6.7 Skills for innovation
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LAST MODIFIED ON: 25/10/2020 - 22:47
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Skills which support innovation are not explicitly part of the National Curriculum,.
The only direct reference to innovation in the National Curriculum is within the subject ‘design and technology’. One of the purposes of studying this subject, as described in the National Curriculum , is that ‘Pupils learn how to take risks, becoming resourceful, innovative, enterprising and capable citizens’. The subject is not compulsory at Key Stage 4 (age 14-16) but schools must provide it as an option (known as an entitlement subject).
Opportunities for innovative skills development may be provided through personal, social, health and economic education (PSHE), which all schools should make provision for, or in any other subjects or topics which schools may choose to introduce. The PSHE Association has developed a programme of study for PSHE. For Key Stage 5 (the final two years of upper secondary education, students aged 16-18/19), the programme includes as suggested learning opportunities for ‘Core Theme 3: Living in the wider world’, reinforcing or extending pupil's ability to:
- be enterprising in life and work
- demonstrate creativity and problem solving
- respond to change
- respect diversity
- show initiative
The Government provides Teaching and Leadership Innovation Fund to enhance teachers’ skills, confidence and knowledge as the government’s initiative to support and increase great teaching and leadership in schools. Pedagogical tools are not provided to the teachers however.
There are overlaps in the types of skills supporting innovation and those supporting entrepreneurship and creativity. See the article on 'Development of Entrepreneurship Competence' and its subheading 'Acquiring cultural and creative competences through education and training' for information on these.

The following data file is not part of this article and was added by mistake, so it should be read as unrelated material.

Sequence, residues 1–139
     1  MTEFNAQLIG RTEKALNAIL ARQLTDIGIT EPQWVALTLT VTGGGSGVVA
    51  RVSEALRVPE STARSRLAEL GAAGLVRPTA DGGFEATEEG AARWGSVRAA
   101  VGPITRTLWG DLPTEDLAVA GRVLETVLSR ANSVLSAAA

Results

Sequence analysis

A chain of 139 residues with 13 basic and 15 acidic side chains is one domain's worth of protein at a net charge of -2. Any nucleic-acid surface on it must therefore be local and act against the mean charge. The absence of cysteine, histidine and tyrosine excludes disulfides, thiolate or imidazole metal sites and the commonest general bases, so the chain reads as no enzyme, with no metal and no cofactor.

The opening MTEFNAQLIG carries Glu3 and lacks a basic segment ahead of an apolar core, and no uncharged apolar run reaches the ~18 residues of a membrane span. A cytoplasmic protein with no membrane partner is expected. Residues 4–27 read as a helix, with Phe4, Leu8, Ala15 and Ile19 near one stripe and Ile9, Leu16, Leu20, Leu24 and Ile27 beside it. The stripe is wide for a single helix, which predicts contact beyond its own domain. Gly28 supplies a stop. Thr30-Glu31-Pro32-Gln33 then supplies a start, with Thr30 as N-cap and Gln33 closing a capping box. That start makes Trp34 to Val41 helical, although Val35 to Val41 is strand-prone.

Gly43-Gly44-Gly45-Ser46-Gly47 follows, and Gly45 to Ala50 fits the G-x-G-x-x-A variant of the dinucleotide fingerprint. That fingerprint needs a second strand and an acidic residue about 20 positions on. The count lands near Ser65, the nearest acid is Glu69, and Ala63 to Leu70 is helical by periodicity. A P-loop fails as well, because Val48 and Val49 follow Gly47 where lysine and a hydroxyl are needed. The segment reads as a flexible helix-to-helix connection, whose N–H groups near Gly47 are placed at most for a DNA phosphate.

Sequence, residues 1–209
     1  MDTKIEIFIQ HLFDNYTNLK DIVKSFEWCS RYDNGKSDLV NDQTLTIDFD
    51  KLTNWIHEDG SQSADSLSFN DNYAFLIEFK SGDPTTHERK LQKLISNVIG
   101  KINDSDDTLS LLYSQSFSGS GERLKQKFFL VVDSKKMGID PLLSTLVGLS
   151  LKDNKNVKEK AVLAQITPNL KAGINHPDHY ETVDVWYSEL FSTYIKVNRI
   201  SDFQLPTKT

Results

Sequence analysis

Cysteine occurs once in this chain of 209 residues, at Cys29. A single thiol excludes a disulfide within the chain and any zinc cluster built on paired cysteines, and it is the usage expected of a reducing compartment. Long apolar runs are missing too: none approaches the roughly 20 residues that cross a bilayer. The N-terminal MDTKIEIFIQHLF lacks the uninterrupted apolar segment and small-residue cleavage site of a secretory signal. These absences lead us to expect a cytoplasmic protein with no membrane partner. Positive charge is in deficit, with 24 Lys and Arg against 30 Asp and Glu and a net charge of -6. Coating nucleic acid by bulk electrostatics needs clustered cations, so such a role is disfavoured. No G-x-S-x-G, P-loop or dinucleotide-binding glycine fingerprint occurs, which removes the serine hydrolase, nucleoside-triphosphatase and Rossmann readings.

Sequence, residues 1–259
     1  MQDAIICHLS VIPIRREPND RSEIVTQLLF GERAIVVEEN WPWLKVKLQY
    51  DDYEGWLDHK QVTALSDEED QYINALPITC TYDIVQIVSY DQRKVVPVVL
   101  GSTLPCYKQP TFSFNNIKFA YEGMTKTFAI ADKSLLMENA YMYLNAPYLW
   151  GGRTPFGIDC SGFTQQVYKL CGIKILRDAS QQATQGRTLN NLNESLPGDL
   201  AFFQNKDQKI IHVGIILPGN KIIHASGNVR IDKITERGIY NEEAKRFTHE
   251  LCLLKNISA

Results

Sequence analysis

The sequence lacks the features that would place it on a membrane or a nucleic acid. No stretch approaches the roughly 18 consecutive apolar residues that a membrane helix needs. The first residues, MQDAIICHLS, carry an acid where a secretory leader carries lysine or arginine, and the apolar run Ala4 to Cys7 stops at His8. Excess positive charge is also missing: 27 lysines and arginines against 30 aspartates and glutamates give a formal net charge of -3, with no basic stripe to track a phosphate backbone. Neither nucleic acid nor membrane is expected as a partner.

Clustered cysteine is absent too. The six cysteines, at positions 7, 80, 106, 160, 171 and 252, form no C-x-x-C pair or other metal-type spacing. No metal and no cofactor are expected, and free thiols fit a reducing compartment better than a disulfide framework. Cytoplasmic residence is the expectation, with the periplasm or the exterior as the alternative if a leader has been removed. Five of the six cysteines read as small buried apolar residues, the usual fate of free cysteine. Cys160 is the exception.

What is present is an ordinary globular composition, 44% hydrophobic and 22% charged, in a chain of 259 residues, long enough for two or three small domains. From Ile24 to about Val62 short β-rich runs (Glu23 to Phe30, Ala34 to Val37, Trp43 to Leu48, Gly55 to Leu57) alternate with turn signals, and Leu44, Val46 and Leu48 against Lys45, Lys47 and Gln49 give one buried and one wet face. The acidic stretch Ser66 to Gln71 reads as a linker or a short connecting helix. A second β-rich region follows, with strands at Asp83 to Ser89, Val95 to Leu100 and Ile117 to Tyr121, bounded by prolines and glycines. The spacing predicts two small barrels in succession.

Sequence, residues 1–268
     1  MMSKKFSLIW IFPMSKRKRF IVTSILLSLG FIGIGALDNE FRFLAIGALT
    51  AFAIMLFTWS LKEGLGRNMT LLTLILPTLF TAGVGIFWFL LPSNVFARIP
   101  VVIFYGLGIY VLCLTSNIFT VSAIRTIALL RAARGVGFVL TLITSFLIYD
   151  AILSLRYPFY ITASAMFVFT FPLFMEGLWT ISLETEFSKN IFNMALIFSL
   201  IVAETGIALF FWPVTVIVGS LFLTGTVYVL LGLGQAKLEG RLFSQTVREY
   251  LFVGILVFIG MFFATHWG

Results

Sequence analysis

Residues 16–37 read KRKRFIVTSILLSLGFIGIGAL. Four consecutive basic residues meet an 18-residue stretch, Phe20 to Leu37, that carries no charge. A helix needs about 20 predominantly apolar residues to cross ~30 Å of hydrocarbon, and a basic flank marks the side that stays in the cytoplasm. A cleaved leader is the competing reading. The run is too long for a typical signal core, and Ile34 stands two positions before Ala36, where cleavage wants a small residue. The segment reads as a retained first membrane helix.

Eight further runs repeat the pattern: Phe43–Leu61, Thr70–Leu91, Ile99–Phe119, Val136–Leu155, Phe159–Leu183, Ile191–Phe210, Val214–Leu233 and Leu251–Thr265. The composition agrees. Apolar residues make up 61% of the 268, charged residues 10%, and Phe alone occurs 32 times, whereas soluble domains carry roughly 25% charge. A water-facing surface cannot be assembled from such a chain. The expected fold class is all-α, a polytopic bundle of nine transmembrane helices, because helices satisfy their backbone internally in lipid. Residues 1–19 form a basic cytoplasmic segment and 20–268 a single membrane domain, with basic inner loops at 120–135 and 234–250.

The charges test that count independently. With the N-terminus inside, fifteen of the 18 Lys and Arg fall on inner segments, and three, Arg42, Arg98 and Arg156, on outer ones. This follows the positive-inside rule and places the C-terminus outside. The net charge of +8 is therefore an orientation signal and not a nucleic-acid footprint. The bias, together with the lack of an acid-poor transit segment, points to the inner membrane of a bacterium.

The National STEM Learning Network is a joint initiative by the Department for Education, the Department for Business, Energy and Industrial Strategy and The Wellcome Trust. The initiative, which is UK-wide, was set up in direct response to concerns about the engagement of young people in science.Among the programmes and projects run by the network, is the STEM Ambassadors programme. STEM Ambassadors are volunteers from a wide range of science, technology, engineering and mathematics (STEM) related jobs and disciplines. As well as working with schools and colleges across the UK, the network works with youth and community groups and others to ensure they have access to STEM Ambassadors to engage young people with STEM subjects outside the classroom.With the support of Government funding, this programme is offered free of charge to education providers and youth and community organisations.
British Science Week is an annual programme of Science, Technology, Engineering and Maths events and activities across the UK for people of all ages. It is run by the British Science Association (BSA). British Science Week supports any type of organiser, including youth and community groups and will help organisers to plan events by providing a range of free activity and support resources.BSA also began running a new extra-curricular initiative in 2018 for young people aged 11-to-19 to come up with innovative solutions that have the potential to change the world in global health and development issues.
The initiative, Youth Grand Challenges, links with BSA’s CREST Awards programme which is the only nationally recognised accreditation scheme for young people’s project work in science, technology, engineering and maths (STEM) subjects. The awards are offered at six levels and are for 5- to 19-year-olds. CREST gives young people the chance to participate in hands-on science through investigations and enquiry-based learning. The programme can be run in schools, clubs, youth groups, other organisations or at home.